We can visit this year, and with a car to get around when the sun starts to fade in the late afternoon we take our daughter to her first ever beach, Psili Amos, sandy and popular with families. Wading into the sea here the gradient is so shallow you can still be standing some thirty metres out. From there if you swam another one-hundred metres you would reach a tiny rocky island, Greek owned. But if you were then minded to try swimming a further fifteen-hundred metres or so you would leave Europe entirely and reach Turkey. This part of Samos, this sandy family beach, is—mainland border aside—where Greece and Turkey are closer than anywhere else. Closer than the islands nearby that have received higher numbers of refugees, Chios and Lesvos. But where those islands are near to urban areas of Turkey – and so deals can be done, faces and finances blend in – over the sea from here is national park, and so close it can look as if all the visible land is just one continuous mountainous mass, the sea instead a lake or wide river, even with the low-profile military bases spotting each other from each side, testaments to hundreds of years of animosity. I hold my daughter in the warm water at this fraying edge of Europe as she enjoys the gentle sploshing for the first time, padding her hands on the surface and trusting me. I look over her shoulder to the little island and I see those famous orange life-vests. Turning back to the shore I see the unoccupied sun-beds are also orange squares.
The refugee crisis has been building here for years. Driving past the port police station we would daily see groups sopping wet, rucksacks and face masks, in limbo. The story relayed by relatives in the early days was that boats came into Greek waters and were deliberately self-sabotaged, Greek coastguards then obliged by international law to rescue a sinking vessel. From a volunteer working with the refugees this year I hear tales of how the smugglers, after charging €5000 for an adult crossing in good weather, flat seas, or €1500 per adult and their children go free in high winds and treacherous waves, pay the Turkish mafia who in turn pay off Turkish coast guards or other port police. If these final groups do not receive their payment then refugees are made an example of. The volunteer, Andrew, has worked on a number of islands. He tells me how he took up smoking after burying people in mass graves when they had either drowned at sea or not survived the vital few minutes on shore available for insulation and dry clothes. And he tells me he has himself seen Turkish boats deliberately sabotage refugee vessels. One with a water cannon, another by stabbing knives at a dinghy.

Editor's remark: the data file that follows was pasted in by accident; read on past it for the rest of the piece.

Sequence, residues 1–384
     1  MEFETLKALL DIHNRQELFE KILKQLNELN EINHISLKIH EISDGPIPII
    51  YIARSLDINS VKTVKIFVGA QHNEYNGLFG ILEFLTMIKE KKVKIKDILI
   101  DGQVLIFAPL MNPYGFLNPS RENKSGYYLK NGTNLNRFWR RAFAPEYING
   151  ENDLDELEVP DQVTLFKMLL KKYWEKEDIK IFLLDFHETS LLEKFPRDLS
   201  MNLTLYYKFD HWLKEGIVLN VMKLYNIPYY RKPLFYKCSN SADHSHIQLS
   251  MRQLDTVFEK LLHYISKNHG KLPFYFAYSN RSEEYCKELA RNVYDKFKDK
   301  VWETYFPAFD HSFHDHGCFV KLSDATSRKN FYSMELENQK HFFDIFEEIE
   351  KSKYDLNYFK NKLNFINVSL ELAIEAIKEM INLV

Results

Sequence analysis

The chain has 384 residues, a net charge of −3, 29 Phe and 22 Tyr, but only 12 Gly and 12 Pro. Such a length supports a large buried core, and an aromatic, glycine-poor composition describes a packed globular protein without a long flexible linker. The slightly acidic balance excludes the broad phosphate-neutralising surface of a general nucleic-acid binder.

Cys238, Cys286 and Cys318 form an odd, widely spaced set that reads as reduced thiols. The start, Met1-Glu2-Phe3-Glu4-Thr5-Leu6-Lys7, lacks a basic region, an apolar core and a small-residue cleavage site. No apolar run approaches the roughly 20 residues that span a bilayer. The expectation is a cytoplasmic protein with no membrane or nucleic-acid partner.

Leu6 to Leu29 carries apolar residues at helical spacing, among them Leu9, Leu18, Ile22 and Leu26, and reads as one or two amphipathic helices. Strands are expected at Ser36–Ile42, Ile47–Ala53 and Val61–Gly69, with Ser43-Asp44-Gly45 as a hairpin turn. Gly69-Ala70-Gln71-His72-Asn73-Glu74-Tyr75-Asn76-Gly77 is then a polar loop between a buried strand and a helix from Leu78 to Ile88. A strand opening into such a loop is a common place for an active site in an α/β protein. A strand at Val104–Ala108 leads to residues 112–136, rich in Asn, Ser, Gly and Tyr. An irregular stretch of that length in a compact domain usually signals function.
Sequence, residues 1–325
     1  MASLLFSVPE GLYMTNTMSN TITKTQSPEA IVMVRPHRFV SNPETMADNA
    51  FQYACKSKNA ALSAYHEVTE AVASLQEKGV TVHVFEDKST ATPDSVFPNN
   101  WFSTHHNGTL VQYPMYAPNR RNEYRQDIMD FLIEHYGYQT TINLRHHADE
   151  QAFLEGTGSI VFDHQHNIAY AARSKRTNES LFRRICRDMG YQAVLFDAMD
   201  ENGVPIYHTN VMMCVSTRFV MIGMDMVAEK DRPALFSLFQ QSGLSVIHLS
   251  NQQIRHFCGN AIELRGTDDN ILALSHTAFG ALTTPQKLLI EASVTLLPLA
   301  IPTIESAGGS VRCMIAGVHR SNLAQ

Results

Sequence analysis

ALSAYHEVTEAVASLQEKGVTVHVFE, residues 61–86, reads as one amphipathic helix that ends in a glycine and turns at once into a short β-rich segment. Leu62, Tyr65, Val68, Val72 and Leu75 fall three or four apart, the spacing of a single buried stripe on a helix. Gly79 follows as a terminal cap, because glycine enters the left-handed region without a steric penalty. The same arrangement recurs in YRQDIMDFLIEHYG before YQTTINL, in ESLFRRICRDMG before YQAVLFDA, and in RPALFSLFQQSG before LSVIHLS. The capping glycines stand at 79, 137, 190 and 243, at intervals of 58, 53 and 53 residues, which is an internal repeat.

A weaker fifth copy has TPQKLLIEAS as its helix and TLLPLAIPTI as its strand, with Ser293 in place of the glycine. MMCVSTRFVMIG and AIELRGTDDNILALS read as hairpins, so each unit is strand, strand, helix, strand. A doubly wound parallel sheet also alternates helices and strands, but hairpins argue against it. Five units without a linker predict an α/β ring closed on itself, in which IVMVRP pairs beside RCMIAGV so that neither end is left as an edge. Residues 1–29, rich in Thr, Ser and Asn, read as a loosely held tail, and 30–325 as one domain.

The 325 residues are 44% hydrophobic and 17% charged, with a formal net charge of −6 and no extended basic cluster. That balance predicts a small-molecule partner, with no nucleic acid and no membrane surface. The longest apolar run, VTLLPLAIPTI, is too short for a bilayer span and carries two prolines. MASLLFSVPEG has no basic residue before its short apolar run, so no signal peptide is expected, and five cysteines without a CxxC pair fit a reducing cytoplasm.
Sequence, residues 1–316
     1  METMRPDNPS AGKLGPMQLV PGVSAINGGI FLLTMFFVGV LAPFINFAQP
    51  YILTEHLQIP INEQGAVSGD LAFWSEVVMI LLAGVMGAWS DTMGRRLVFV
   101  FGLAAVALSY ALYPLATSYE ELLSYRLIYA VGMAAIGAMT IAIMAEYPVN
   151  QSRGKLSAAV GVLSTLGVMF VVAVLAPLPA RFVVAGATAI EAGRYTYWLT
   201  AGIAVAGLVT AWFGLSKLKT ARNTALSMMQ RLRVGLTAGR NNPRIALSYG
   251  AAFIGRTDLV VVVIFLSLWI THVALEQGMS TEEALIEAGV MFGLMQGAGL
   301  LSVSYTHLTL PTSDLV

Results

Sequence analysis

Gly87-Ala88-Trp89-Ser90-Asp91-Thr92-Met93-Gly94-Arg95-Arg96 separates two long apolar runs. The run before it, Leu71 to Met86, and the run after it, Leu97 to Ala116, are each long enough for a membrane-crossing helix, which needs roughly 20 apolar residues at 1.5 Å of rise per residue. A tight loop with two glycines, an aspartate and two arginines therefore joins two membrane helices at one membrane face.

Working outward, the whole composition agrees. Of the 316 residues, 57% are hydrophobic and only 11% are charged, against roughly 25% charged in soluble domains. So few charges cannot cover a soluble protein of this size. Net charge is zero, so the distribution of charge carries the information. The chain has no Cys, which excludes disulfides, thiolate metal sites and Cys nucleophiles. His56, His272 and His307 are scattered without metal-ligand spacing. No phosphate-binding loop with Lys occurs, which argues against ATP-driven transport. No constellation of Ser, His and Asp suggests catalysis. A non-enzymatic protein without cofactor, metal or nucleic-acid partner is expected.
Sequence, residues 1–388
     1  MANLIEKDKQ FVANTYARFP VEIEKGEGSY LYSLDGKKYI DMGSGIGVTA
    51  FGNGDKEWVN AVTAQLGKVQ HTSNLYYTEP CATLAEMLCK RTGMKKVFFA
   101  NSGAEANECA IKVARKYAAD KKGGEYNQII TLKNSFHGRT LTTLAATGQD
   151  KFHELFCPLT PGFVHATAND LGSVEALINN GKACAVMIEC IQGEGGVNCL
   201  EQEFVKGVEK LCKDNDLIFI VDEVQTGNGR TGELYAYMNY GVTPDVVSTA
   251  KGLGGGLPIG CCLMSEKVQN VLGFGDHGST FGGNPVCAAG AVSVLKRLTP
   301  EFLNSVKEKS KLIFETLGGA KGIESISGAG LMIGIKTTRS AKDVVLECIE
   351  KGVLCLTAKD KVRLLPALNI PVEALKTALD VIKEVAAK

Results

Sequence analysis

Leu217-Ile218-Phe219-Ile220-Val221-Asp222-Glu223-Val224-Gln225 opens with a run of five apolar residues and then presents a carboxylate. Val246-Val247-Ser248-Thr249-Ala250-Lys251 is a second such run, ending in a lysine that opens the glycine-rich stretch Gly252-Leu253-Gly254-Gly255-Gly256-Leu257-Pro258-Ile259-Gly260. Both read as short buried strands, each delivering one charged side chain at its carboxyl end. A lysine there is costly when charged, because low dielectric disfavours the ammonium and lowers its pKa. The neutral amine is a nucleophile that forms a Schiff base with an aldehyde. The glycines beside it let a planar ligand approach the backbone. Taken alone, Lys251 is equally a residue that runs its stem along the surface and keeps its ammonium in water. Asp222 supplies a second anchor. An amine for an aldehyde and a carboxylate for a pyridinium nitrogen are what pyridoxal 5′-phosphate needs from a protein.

“From a volunteer working with the refugees this year I hear tales of how the smugglers, after charging €5000 for an adult crossing in good weather, flat seas, or €1500 per adult and their children go free in high winds and treacherous waves, pay the Turkish mafia who in turn pay off Turkish coast guards or other port police. If these final groups do not receive their payment then refugees are made an example of.”
Other signs there was crisis in the air were literally signs. For a time back on the mainland in 2014 billboards beside the road to Athens airport were co-opted by strange messages. The boards spoke, pleaded and admonished, in a broken English across borders and cultures. One such was written in capital letters seemingly by two people who had been struggling a little to accommodate the space which the other’s lettering was taking up. Reading like some kind of subverted movie tagline, it stated:
‘NO, SOMEWHERE ELSE, THERE ARE ALSO OTHERS WHO WERE CARRYING TREES LIKE WE CARRY THE DEAD!’
The board was very striking, but the categorical opener ‘No,’ particularly so. A ‘no’ alone, before its comma pause, wilfully stranded. A ‘no’ perhaps to where you are, which is on the road, in transit, en route, moving decisively within your world, between your origin and your destination. The stumbling but assertive capitals went on to point out that somewhere else some alternative is also as much a world, a world in which there are those who are other to you as you might be other here sometime, even for a moment now, suddenly wavering in your own world. But the fractured English also produces an ambiguity. The board also says that this somewhere else is in fact already right here, your world, as if the words were a legend told among those who carry their dead like we industriously carry trees: ‘Trees instead of bodies. Imagine. Let’s go.’ As if it were post-apocalyptic sci-fi dialogue, ‘There also also others’, survivors, somewhere else, another world. And it is your world. You are a survivor, and you do not even know it.